The Bravest Woman in the World; Aung San Suu Kyi

It is not enough merely to call for freedom, democracy and human rights. There has to be a united determination to persevere in the struggle; to make sacrifices in the name of enduring truths; to resist the corrupting influences of desire, ill will, ignorance and fear.”Aung San Suu Kyi from her 1991 book, Freedom From Fear

I have to admit to a weakness for strong women. I admired Margaret Thatcher, and rather like Condoleezza Rice, and who could forget Boudicca (no ‘lefties’ though- sorry Hilary your not on my list) but when it comes to the crunch Aung San Suu Kyi leaves them for dead.

This girl stares down the barrels of loaded and cocked rifles for a living.

 This is taken from Daw Aung San Suu Kyi’s pages. (Daw is an honorific similar to madam for older, revered women, literally meaning “aunt”).

Like the South African leader Nelson Mandela before her, Aung San Suu Kyi, has come to be seen internationally as a symbol of heroic and peaceful resistance in the face of oppression.

For the Burmese people, Aung San Suu Kyi represents their best and perhaps sole hope that one day there will be an end to the country’s military repression.

She was awarded the Nobel Prize for Peace in 1991, by which time she had been under house arrest for two out of what was to become six years.

Her sons went to Oslo to accept the award on her behalf. At the presentation, the Chairman of the Nobel Peace Prize Committee, Francis Sejested, called her “an outstanding example of the power of the powerless”.

“Aung San Suu Kyi cannot be silenced because she speaks the truth,” he said.

Aung San Suu Kyi was born in Burma in 1945, the daughter of Gen. Aung San a hero of the independence movement who was assassinated in 1947 just before independence was achieved.

Suu Kyi studied philosophy, politics and economics at Oxford. Several years later, she moved to New York, where she did graduate studies, worked with the United Nations and volunteered at a hospital. She married Michael Aris, a Himalayan scholar she met in Oxford. He promised Suu Kyi that he would not get in the her way if her duty to Burma called her back.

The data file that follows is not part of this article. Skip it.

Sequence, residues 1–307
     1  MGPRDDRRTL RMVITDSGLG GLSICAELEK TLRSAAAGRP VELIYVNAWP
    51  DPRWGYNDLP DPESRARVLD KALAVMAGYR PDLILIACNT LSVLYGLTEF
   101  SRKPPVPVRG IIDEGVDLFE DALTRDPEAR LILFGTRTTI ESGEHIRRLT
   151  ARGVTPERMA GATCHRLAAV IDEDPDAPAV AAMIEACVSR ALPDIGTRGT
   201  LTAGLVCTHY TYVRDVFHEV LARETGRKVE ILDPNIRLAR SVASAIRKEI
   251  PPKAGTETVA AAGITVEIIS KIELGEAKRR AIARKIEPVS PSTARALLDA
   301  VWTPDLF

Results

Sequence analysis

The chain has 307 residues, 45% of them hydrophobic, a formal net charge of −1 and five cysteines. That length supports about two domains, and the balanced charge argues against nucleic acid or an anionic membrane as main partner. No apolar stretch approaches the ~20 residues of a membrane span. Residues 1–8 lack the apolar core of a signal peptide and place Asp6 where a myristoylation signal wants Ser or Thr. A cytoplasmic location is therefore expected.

She returned to Burma in 1988 to care for her critically ill mother just as the democracy movement rose to the fore, and given her background joined it. “I could not, as my father’s daughter, remain indifferent to all that was going on,” Suu Kyi said in a speech in Rangoon on 26 August 1988.

In 1990 democratic elections were held and her party, the National League for Democracy won in a landslide taking 80% of the seats. The military however refused to recognize the result and brutally repressed the party and has since run the country as a military dictatorship.

Suu Kyi has since this spent most of her time under arrest of one kind or another apart from odd occasions where she has been released, probably because of international pressure. On one of these releases in 1993 an attempt was made by the military to murder her when her convoy was ambushed and many of her supporters were killed.

She escaped only because of the courage of her driver but was arrested again shortly afterward.

In 1991, she received the Nobel Peace Prize.

Her political ideals are reflected in the “Manifesto of the National League for Democracy. It shows a considerable understanding of individual freedom, along with strong support for real human rights, but her economic policies seem to come mainly from a statist viewpoint, probably because of her Oxford background.

 I doubt that a stronger, more courageous woman has ever existed and not many men could match her. This woman deserves all of the support the world community can give her.

 Its probably time for the ‘Mongrel Legion’, as well as the ‘Allied Democracies Group’ (good Guys) to take a hand in this.


18 thoughts on “The Bravest Woman in the World; Aung San Suu Kyi

  1. Sorry fellas I’m Having some sort of drama with formatting. When I hit the ‘post button’ it looses all below the ‘more’ line, so I am not game to go over it again.

  2. Sorry, Brendan, than one dictatorship would be fighting another. This is the only way, the long, hard, difficult way, until enough international pressure is brought to bear through UN, China, and others in the region. Peace and non violence will outlive the generals and the guns.

  3. Darvish,

    Different strokes for different folks. Britain never had full military control of India, many regions were only held tenuously to the Raj. Britain’s exit was both confused and bloody, but voluntary. To compare a domestic dictatorship to a foreign occupation is apples and oranges.

    As for the civil rights movement, didn’t the movement in the 1960s build from the violence of the 1860s? African Americans were Americans, albeit from a minority racial group. The movement wasn’t about independence, but the enforcement of civil law.